One word comes to mind when we imagine modern society, work, streets, public transport, traffic jams ,This is the word “stress”. A constant companion of each of us. But do we know who he really is and what is causing us?
What is stress?
Stress is a complete neurophysiological reaction of the body to certain physical, mental, health and other stimuli. In general, the “idea” of stress is positive for the body; subjected to conditions that are considered extreme or at least problematic, the body mobilizes through stress and prepares to respond to possible problems. Stress can be positive or negative. Positive stress can be, for example, that of doing work with a pleasant result for the person who did it. Negative stress can be fear or paranoia. According to Celie’s classification, the positive is referred to as stress and the negative as distress.
Under the influence of external factors, the body tries to adapt to special conditions and this causes a reaction, which Cannon describes as an alarmist, and Hans Cellier calls it by its popular name today: a stress response. The stress response is the body’s normal response to a stress factor. Usually, the stress factor must be removed to normalize the condition of the body.
What happens to the body under stress?
Although we know a lot about the biochemistry and physiology of stress, the mechanism of its origin is still not completely clear. If there is too much muscle or neuropsychiatric activity, catecholamines , a group of hormones secreted by the adrenal gland, increase in the blood. They have a number of effects, such as an increase in blood, blood sugar levels, etc .. Immediately there is a response of the nervous system, which activates the sympathetic nervous system .
Moreover, the function of catecholamines is to activate the hypothalamus and its hormonal secretion, through which it is able to regulate body temperature, appetite, urinary system, blood sugar levels. Adrenal hormones serve as mediators, unlocking already created and accumulated hypothalamic hormones, through which glands such as the pituitary gland are affected. Probably a large part of the reaction of the nervous system is provoked by the hypothalamus, which has a pronounced neuroregulatory function. The hypothalamus has also been shown to be associated with sleep and alertness.
Modern science attributes some of the emotions to hypothalamic stimuli. For example, fear and anger can be induced artificially by stimulating the hypothalamus. It is these two feelings that are a common companion in stressful situations. By stimulating the hypothalamus, its connection with motivation has been proven experimentally, with the emergence of a certain desire to do something, although in this case the connection is more complex and dependent on other factors.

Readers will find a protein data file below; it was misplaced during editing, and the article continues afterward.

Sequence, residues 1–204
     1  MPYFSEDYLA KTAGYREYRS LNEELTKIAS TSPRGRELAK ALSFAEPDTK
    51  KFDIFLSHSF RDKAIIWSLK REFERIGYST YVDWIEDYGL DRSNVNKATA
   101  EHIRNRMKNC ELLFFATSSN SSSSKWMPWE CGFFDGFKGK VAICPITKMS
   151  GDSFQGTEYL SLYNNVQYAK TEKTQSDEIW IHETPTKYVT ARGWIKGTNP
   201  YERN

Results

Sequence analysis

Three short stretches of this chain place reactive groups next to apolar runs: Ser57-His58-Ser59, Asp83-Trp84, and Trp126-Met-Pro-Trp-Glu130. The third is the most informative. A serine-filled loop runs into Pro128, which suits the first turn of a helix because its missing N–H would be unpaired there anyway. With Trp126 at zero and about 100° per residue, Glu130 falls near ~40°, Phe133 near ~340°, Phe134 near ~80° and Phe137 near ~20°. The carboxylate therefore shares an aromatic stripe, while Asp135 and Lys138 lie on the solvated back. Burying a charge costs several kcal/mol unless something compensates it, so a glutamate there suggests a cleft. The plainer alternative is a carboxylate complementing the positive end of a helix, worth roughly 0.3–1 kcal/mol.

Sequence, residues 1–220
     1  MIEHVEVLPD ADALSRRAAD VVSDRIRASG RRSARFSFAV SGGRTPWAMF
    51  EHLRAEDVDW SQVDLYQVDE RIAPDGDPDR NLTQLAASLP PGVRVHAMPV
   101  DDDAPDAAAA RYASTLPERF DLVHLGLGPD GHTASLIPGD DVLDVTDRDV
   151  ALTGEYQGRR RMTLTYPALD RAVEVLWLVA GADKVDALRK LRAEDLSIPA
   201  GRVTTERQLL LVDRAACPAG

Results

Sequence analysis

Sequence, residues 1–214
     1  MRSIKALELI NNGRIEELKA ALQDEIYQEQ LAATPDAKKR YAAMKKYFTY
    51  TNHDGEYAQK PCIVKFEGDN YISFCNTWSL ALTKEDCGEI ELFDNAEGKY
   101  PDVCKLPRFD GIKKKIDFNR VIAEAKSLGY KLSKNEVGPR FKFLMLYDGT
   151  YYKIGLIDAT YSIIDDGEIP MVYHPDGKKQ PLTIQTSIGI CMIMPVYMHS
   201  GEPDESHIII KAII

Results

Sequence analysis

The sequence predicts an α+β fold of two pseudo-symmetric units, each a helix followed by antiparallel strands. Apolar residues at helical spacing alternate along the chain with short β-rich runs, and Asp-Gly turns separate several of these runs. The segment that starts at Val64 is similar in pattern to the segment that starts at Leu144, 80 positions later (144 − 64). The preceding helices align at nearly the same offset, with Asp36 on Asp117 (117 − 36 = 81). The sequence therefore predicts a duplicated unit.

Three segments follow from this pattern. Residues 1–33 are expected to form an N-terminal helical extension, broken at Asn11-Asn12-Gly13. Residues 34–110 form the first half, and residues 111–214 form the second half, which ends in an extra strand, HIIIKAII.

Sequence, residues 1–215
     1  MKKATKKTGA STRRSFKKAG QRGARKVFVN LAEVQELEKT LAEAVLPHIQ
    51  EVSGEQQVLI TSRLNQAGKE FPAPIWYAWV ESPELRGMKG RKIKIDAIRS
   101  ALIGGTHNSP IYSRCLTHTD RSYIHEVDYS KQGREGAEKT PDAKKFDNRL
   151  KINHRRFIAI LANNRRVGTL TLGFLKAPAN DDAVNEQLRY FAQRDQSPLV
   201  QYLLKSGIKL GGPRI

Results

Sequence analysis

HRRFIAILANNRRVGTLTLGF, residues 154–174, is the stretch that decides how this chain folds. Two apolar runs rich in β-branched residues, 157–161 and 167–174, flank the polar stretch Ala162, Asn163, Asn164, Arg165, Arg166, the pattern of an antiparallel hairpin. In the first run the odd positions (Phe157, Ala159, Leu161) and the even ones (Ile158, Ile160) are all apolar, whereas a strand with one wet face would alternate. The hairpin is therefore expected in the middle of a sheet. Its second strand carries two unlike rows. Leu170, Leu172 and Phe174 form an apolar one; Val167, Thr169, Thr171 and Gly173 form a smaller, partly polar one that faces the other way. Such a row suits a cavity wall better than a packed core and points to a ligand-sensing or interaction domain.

However, the relationship continues. The hypothalamus produces groups of hormones classified as releasing factors / hormones or liberins and statins. Liberins activate the secretion of pituitary hormones through the adenohypophysis, and statins block the same secretion. For example, somatoliberin and somatostatin release or block somatotropin secretion; corticoliberin, thyroliberin and gonadotropins activate the secretion of corticotropin , thyrotropin and gonadotropin, respectively.
Through the adenohypophysis, the hypothalamus can practically affect the adrenal glands – the stress-triggering factor, the gonads, the thyroid gland … Ie. of the whole endocrine system and hence of the whole organism. Do you find it complicated? In fact, this is a rather simplistic explanation of the body’s main axis of stress response: the so-called hypothalamic-pituitary-adrenal axis (HPA), which has the function of a motor of stress. The variable influences during stress change the actions of this “motor”, it is able to turn off completely or act for a long time.
Stress is a bad word for us. During stress we do not feel well, we are overwhelmed by negative emotions, we have all kinds of signs of unhealthy condition. Why is our stress then? Why did the body choose him in the fight against problems? Stress usually occurs as a result of emotions, poisoning, infection, fatigue. These are the causative factors that the body tries to deal with.
What we do not feel and are clearly aware of from stress is an extremely positive reaction for the body, associated with changes that cannot remain lasting. Adrenal hormones sharply enhance the immune response, especially phagocytosis – the ability of white blood cells to absorb and neutralize foreign bodies, both toxins and bacteria. Blood clotting increases – hence the consequences of possible injury. Increased blood flow and blood sugar create an energy reserve for the muscle cell. Enlarged bronchi improve the contact of blood with oxygen and from there deliver more oxygen to the cells. Increased concentration and excitability help us cope where our participation is required and reduce the feeling of pain. Emotions such as anger, motivation or fear unlock both a sense of self-preservation and purposefulness in action. Suppressed appetite and urinary system action eliminate side irritants. For a short time, our body becomes a “superorganism”, hoping to eliminate it.
How does the body react to stress?
Modern science accepts the stages of Cellier. He formulated a total of three main stress stages.